Going into Star Wars: The Force Awakens, the trailers, posters, toys and myriad promotional materials presented new characters and questions about them. Who was the Stormtrooper experiencing a moral and identity crisis, compelling him to change sides? Who was the scavenger on a desert planet living off scraps but feeling the pull of a greater calling?

But perhaps the most mysterious figure was the new bad guy, dressed in black robes with the unusual cross-hilt lightsaber (with red blade, so you knew he was evil) that was the most memorable image of that first teaser trailer. This shadowy presence loomed as the new embodiment of the Dark Side.

A few months later, we got a better look at the villain. Under that hood was a smaller, sleeker Darth Vader-like helmet. Of course, many of us had likely seen concept art or stills prior to that second trailer. Though still a rumor, it was pretty widely known that the character’s name was Kylo Ren. Playing the man under the mask was Adam Driver, known primarily from playing Hannah’s boyfriend on HBO’s Girls, but viewed as one of the more intriguing young actors in Hollywood.

Judging from him keeping Vader’s charred helmet as a memento or shrine, Kylo Ren was apparently a disciple of the galaxy’s most infamous Sith Lord. But was he truly a student of the Dark Side and a heir to Vader, or was he more of a wannabe, aspiring to reach the heights (or depths) of his idol? His more ragged, less refined appearance — along with that lightsaber that looked more fiery, almost sputtering — suggested someone that wasn’t as much of a finished product as Vader.

This new dark knight, if you will, certainly didn’t cut as imposing a figure as his presumed predecessor, though was no less menacing as the proverbial man in black of the story. With his face and expression unseen behind that ninja-like helmet, we didn’t know what Kylo Ren was capable of and how fearsome he was. Yet he was obviously on the Imperial side of the battle, so it was pretty clear that his intentions were far from noble.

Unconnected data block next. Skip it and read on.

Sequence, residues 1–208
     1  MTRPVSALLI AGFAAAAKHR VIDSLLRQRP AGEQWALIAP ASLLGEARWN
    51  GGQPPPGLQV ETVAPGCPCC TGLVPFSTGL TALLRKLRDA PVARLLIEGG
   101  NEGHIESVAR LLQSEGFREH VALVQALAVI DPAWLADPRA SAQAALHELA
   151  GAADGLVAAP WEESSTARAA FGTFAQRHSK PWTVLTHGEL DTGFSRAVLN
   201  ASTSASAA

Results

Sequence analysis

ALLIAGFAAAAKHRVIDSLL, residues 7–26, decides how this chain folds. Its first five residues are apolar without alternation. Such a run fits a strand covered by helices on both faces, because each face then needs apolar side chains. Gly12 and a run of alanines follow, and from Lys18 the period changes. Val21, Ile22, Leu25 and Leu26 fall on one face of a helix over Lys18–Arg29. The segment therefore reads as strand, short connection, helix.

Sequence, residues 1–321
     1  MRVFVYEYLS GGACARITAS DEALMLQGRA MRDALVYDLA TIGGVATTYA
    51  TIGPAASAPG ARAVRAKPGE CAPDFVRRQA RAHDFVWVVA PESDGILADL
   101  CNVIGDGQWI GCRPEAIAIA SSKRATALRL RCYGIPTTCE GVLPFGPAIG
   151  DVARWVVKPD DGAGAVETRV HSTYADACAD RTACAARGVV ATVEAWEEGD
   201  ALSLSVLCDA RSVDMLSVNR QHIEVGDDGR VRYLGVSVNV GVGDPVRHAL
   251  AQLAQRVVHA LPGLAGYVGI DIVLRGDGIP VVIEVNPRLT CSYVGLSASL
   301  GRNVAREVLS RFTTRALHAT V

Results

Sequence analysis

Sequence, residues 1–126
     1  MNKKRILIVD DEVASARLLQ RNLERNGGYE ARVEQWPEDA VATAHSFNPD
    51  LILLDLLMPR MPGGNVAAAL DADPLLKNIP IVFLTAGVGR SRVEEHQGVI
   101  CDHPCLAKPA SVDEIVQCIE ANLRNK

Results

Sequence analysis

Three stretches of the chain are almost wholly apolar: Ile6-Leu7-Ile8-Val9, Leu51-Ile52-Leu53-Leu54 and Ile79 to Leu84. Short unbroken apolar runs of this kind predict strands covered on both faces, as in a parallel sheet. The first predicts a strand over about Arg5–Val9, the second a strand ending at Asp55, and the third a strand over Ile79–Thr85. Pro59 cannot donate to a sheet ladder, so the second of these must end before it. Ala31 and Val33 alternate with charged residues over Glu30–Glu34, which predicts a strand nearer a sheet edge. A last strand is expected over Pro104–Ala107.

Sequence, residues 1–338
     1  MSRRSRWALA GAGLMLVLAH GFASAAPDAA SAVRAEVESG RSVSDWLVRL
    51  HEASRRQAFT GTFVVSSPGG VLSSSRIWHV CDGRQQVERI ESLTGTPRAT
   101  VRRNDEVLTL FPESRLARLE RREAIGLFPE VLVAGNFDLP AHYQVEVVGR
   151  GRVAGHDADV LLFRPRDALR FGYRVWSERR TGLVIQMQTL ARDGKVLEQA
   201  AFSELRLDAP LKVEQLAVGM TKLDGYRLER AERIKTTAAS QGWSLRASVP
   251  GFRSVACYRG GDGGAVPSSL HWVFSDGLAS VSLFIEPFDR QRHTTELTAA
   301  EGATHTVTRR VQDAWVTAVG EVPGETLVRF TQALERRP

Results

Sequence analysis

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Here’s where we’ll put up the SPOILER ALERT for those who still haven’t seen Star Wars: The Force Awakens. (Though it’s curious that you’d read this article otherwise. Not that we mind. But consider this your warning that significant character and story details from the movie will be discussed from here on. May the Force be with you.)

Now, of course, we know all about Kylo Ren. Though the story of The Force Awakens doesn’t belong to any one character — following Rey along the hero’s journey and Finn’s existential evolution — he is every bit the antagonist of this tale, setting the narrative in motion by pursuing the map that reveals the location of the missing Luke Skywalker. Presumably, Kylo is acting on orders from the new Imperial puppet master, Supreme Leader Snoke, to find Skywalker in order to prevent him from reviving the Jedi Order and balancing the scales of power.

Right away, there seems to be something more personal to this quest for our villain. Lor San Tekka, the old man who has the map in his possession alludes to what Kylo used to be, where he came from. The two knew each other in an earlier time. Tekka has seen what’s under that mask. Yet if there was any sentimentality, it’s struck down decisively as Kylo dispatches the elder with his lightsaber. Cold and merciless, just like Darth Vader.

However, roughly a third of the way through the story we learn the truth about Kylo Ren while he consults with Snoke. And it’s that information which establishes what makes this character so compelling and potentially the greatest villain the Star Wars saga has ever had. While fleeing the First Order (the story’s new version of the Empire) with the map to Skywalker in their possession, Rey and Finn encounter Han Solo. The connection to the original trilogy, the bridge from the past to the future, is now explicit. But Solo isn’t just in the story for reference to familiar stories, for nostalgic fan service. He has a very direct role in this story. We learn that Solo is Kylo Ren’s father.